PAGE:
Puppy-Sitter, Or Not
narelle, regnavi, duck

I'm over with Emma and Blue for the last time. I'm going to kind of miss these guys. I think Blue is the one throwing up. I think he misses his owner. They'll be happy to see her tomorrow.

The house had a special hour long showing today. I did extra cleaning for the occasion, and found out Risk hates the smell of cleaning products as much as I do. I used a bleach cleaner in the bathrooms and laundry room, and like usual, Risk was following me around the house. He barked and backed away whenever I sprayed it. At least I won't have to worry about him wanting to eat the stuff.

Since I needed to vacuum and wash the kitchen floor, I took Risk over to my sister's. That way I could clean without him chasing the vacuum or swiffer, and he could play with Ellie and Izzy. They don't really like him anymore now that he's so much bigger and has better coodination. He still has fun. There's always Kevin for him to fall back on, but since Kevin's still a kitten I'm worried Risk will crush him.

I dropped Risk off at 12:30. I was supposed to clean, come here to take care of the cats, and pick him up. I didn't want him to be left in the car as I ran in and out of offices, so I decided to leave him with my sister. She had watched him before, so I didn't see much harm in it. Of course, she watched him before he started teething. Risk is sixteen weeks old, so he's been teething long enough for me to be used to it. Since my sister went through teething with Ellie back in January/Febuary, I just asumed she could handle him.


Well, I was taking care of Emma and Blue, running to the doctor's to pick up shot records, and fixing up a house for a showing. I'm not sure what happened, but I was told that Risk would be going with my sister to her boyfriend's. When I picked him up his leash was soaked and my sister was cursing his name. She seemed to exasperated to clearly tell me what her hour and a half with my dog was like. The most I could make out was that he knocked over all the water they tried giving him.

I don't think he was that bad, but I could be wrong. I'm positive I've been through much worse when it comes to this dog. I remember when we were still trying to sort out who was in charge. I thought it'd be nice to take him to the pond to sit. After a few minutes I decided it was time to go back inside. He wouldn't budge. Of course he was only eight-nine weeks at the time, still pretty easy to pick up, so that's what I did. He screamed his head off, causing all the neighbors to come out to see what was going on. To top it off, he grabbed a mouthful of my hair and started yanking as he screamed. I'm glad his little defiance act is over.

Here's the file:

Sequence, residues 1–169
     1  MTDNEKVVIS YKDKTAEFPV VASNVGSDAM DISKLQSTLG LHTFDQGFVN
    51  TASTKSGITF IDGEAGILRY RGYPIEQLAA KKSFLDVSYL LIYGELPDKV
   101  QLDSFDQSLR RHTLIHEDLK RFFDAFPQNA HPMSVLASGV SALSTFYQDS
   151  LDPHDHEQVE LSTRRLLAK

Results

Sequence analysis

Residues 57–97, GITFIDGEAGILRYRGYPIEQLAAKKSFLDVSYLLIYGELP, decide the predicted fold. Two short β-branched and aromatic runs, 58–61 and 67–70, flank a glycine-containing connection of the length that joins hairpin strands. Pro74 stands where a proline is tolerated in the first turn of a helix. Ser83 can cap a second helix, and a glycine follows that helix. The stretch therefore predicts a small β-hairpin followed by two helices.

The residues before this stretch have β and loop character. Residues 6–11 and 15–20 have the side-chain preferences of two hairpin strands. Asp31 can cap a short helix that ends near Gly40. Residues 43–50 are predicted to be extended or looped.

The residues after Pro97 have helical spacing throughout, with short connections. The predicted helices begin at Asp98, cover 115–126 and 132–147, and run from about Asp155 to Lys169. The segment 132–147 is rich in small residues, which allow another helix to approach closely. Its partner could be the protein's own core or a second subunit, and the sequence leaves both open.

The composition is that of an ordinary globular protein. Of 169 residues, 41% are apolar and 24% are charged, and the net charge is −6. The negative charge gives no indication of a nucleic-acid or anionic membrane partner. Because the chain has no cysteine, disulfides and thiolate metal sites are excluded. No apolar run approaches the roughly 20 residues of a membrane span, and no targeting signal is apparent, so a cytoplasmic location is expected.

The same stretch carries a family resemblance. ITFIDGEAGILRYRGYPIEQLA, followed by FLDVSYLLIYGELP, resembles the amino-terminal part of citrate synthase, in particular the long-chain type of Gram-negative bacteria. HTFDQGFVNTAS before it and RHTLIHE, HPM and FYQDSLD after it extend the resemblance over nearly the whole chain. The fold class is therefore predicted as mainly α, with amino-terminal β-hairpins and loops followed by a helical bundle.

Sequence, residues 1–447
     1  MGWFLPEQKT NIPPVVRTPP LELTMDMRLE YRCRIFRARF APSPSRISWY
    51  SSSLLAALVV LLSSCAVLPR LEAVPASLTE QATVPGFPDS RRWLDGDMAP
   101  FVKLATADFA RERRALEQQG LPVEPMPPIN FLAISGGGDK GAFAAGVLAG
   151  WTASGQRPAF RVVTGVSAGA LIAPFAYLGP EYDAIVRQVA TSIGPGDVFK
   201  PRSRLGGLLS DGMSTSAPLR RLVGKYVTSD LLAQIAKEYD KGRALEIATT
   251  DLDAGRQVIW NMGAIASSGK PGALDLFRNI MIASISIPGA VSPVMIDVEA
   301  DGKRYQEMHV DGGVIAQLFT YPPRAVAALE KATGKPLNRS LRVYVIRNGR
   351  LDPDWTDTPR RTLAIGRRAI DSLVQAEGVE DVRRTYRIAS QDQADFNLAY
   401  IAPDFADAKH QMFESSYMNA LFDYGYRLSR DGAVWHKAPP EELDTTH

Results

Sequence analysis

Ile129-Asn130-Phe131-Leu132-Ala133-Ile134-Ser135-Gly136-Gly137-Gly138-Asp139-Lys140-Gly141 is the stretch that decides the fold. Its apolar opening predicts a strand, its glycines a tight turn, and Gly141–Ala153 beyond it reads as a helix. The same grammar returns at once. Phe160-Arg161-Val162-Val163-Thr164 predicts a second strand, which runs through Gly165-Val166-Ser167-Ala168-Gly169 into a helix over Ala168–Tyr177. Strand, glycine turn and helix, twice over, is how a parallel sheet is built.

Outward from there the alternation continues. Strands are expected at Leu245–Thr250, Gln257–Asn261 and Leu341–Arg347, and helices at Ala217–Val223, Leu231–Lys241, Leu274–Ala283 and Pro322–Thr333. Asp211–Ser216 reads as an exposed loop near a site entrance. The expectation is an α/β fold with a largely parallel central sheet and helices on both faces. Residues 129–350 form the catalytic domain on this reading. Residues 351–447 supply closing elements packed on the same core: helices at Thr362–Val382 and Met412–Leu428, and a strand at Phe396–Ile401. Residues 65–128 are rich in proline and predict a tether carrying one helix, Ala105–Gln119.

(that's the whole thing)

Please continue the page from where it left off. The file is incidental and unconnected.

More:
Even so, he is still a puppy. We had rain the other day, and this was our first rain in a long time. We got a rainbow after. It was Risk's first rainbow so I took him out to see if I could get some pictures of him with the rainbow as a backdrop. Since they were on my phone I have no idea if they came out, and since he'd been really good since our trip back from New York, he wasn't wearing his leash. We went down to the pond so he could watch the frogs. After they all jumped, I signalled him to follow and headed back to the house. Instead of following like normally, he sticks his face in the pond and grabs a mouthful of scum. I don't say that a white dog and a pond don't mix. The second I turn to take it from him he bolts. As I'm chasing him around the bench, fully aware the house next-door is watching, I hear a really young girl start babbling on about the cute doggy. He's a silly doggie, running all over the place like that.

Risk is really good with kids. He loves little kids, but he's also large and very strong. I could easily see him knocking over a kid and not letting them up. He's be too busy licking them, and he wouldn't know if he was hurting or scaring them since he can't hear them. So, now that I see a mom and her two young kids coming towards us, I'm trying even harder to grab my leashless, collarless dog before he notices them and plows them over. Finally, I manage to grab all that extra skin he has on his neck. I pull the scum from his mouth and stand there, panting, as I wait for the family to pass. The little girl who thought Risk was adorable when he was running circles around me stops, gives me the weirdest look, and says "How do you do that?" My out of breath reply was that he had a lot of skin. Good thing he was faced the opposite direction or the little girl would've quickly realized holding Risk by his scruff is not an effective restraint.

Getting back to the main point; I think I just lost my puppy-sitter. Maybe I shouldn't have told my easily spooked sister that my dog had a poltergist attached to him?


Gambler's Risk
dog, millie

That is a seven week old Great Dane. That is my Great Dane on May 21st, 2010. This was taken in the car on the way back from the breeders'. He's adorable, isn't he? He's cute, bratty, a bit mouthy, and can be very loud. He's a puppy alright.